three women finally taking part in these debates. we have natalie bennett of the green, liam wood and nicholas sturgeon of the smp. they are the self-acclaimed alliance of anti-austerity. the three of them will take on what they see as westminster's obsession with cuts. but how are they going to do it and how do you get the camera angles right? which twitches and facial expressions do you take? ultimately, how do you keep it fair for all these parties? well that is a worry for nigel farrage. he made a comment saying had it been a panel of four maybe five, i would have been looking forward to it but i do fear it will generate into a bit of a shouting match. is he happy with his position on the podium right next to ed miliband? well tucked in between clagers and miliband that's all right, but it would have been nicer to be next to david but i don't think he'd like it very much.
we'll see whether david cameron likes being stood next to nicholas sturgeon of the smp. we'll have to see what comes of it at the end of the night. so that two-hour debate with one break. there'll be a minute opening statement, as i said from each leader, and then that will be followed by a discussion a q&a, on four topics. there'll be a debate on health then on the economy, then on immigration, and then finally, they'll look at the future of the uk. 18 minutes, in all, for each topic. and the questions will come from an audience of 200, that has been carefully selected so it will be representative of the uk, and it will also be politically balanced as well. just to remind you that after the itv debate tonight, there'll be two further ones before the election. this one on the 16th of april. the challenges debate although no conservatives or liberal democrats in that one, and then the final one, just a week before the vote a question special with david dimmableby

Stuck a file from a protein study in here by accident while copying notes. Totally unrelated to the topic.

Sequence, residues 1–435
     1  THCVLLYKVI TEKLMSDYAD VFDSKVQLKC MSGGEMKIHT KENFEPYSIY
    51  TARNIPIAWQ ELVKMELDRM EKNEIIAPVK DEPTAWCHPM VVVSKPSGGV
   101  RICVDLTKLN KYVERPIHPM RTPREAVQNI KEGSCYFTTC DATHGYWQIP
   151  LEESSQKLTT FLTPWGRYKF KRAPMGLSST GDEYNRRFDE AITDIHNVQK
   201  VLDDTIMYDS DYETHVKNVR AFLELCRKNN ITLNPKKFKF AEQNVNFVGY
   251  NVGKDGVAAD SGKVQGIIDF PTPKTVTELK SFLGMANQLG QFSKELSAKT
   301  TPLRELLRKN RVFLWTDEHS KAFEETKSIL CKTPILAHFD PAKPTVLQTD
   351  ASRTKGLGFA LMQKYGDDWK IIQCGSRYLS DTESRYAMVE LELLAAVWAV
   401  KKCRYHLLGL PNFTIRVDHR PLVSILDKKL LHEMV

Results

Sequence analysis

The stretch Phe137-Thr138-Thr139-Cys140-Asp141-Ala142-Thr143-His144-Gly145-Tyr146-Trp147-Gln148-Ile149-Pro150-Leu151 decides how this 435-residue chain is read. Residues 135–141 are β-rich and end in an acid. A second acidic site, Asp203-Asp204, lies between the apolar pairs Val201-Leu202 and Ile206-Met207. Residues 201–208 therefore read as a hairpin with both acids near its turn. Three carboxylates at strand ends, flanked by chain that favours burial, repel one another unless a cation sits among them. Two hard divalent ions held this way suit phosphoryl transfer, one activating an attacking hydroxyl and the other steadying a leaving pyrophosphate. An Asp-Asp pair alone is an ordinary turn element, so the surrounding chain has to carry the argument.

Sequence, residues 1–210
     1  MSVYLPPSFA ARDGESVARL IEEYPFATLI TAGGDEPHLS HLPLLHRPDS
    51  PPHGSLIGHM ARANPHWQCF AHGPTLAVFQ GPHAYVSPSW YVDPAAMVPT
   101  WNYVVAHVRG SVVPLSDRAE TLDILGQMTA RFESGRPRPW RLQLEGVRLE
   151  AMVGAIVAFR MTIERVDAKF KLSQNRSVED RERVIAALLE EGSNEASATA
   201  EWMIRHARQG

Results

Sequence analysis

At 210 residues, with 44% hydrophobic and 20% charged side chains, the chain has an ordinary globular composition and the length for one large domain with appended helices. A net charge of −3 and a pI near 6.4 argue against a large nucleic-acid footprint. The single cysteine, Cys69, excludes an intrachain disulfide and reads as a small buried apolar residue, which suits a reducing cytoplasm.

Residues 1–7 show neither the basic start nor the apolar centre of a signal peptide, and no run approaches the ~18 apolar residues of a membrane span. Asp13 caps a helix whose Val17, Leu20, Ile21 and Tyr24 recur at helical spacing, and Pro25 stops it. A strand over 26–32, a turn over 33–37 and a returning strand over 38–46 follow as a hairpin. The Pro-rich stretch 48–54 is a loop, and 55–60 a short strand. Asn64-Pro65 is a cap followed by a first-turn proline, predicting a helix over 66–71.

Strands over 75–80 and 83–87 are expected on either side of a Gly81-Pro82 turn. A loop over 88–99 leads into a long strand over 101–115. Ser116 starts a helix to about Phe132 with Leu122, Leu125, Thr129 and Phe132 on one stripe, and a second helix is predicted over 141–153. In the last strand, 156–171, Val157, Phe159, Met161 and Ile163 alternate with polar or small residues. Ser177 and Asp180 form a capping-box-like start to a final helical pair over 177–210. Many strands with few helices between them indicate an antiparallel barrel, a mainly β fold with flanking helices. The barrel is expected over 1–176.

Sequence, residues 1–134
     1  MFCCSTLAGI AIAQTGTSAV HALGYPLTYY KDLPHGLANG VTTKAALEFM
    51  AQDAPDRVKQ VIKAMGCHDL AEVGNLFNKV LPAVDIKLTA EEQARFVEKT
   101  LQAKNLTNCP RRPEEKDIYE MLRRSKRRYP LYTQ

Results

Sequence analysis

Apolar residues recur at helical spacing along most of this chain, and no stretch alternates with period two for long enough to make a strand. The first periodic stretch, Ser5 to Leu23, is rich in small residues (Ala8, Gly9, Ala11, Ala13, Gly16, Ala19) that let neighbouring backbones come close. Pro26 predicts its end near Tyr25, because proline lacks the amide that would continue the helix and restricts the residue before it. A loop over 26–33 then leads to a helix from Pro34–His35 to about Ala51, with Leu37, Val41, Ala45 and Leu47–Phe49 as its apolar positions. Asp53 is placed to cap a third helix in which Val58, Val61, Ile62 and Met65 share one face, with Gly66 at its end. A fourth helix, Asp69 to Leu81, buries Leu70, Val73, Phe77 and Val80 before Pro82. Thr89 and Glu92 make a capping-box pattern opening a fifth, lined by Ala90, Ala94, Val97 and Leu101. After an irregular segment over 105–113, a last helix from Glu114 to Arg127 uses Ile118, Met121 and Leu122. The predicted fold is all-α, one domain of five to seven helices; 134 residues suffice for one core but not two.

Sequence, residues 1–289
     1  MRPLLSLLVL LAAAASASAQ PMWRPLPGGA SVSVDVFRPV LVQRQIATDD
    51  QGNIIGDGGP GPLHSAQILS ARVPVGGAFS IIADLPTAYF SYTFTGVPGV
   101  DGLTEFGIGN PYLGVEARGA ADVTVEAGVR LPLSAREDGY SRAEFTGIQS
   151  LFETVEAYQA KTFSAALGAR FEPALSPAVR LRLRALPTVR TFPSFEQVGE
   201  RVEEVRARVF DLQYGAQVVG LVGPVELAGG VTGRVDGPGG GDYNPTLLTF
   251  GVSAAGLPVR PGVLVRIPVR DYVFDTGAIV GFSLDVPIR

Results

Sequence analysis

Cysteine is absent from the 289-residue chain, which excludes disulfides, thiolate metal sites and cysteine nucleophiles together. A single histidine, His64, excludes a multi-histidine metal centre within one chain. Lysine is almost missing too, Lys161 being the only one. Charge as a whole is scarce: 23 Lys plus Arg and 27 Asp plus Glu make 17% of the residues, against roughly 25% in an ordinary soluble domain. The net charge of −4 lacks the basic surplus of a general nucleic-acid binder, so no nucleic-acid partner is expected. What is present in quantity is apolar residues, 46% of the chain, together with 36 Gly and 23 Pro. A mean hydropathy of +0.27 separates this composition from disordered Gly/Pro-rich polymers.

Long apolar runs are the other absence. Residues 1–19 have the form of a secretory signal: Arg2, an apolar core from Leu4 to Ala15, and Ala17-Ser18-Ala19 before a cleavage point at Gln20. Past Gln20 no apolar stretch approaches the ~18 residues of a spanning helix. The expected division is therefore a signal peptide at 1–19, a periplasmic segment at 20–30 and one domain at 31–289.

all appearing, although there'll be appearing separately. >> christian fraser, we've teldold you now, haven't we? viewers in the uk can see that debate at 8:00 p.m. tonight. it's going to be carried around the world as well on bbc world news at 1900 gmt. stay with us for that but for us as well. coming up, the muslims in the cuban world. is it time for cuba to allow muslim a more prominent role in its society? a bite size way to enjoy the full size sensation of peppermint and rich dark chocolate. york minis get the sensation.
presidential election, mohammad buhari have said that employment and corruption are the biggest problems facing the country. he beat goodluck jonathan. in an exclusive interview with bbc news the president-elect told my colleague how he was feeling now. >> well i feel fulfilled. this was the fourth attempt i make. 2003 2007 and 2011. and luckily this time around we were successful. >> were you surprised when president goodluck jonathan called you to concede defeat and say congratulations, because that's a very new thing here in nigheria nigeria. >> well, i'm not surprised, because i think he has been
talking to international community, especially the united states and europe and britain and i think he's respectful of those countries and their leadership and all the something extraordinary that the commander in chief and the president you should allow the law to take its course. let the nigeria election be conducted according to law. that's all they're asking. and i think he gives them he's undertaking, and i think he did his best. >> now, the big work really starts. you've made a lot of promises to nigeria nigeria. have you thought about how you're going to go about fulfilling these promises? >> i think we've identified people with problems. the institute in the country.
which everybody knows, and the economy by corruption. all nigerians know it. and we are asking nigerians for their cooperation. they shouldn't expect miracles to happen a couple of months after we have taken over. the destruction took many years. 16 years of the ruling parties, the rule of this country. so i believe the country will give us the opportunity to do our best and work as hard as we can. >> i want to just pick up on one point that you made there. you know the insecurity in the country. boko haram. how are you going to tackle that
beast, if you want? are you going to offer peaceful negotiations, or are you just going to hit them hard. >> well hit them hard with what? boco boko haram, where according to the government out of local government. if for five six years, the nigerian including the ministry collect for local government how can i promise miracle? when i come. but with the cooperation of our neighbors, cameroon chad and nigerian international community, and the commitment we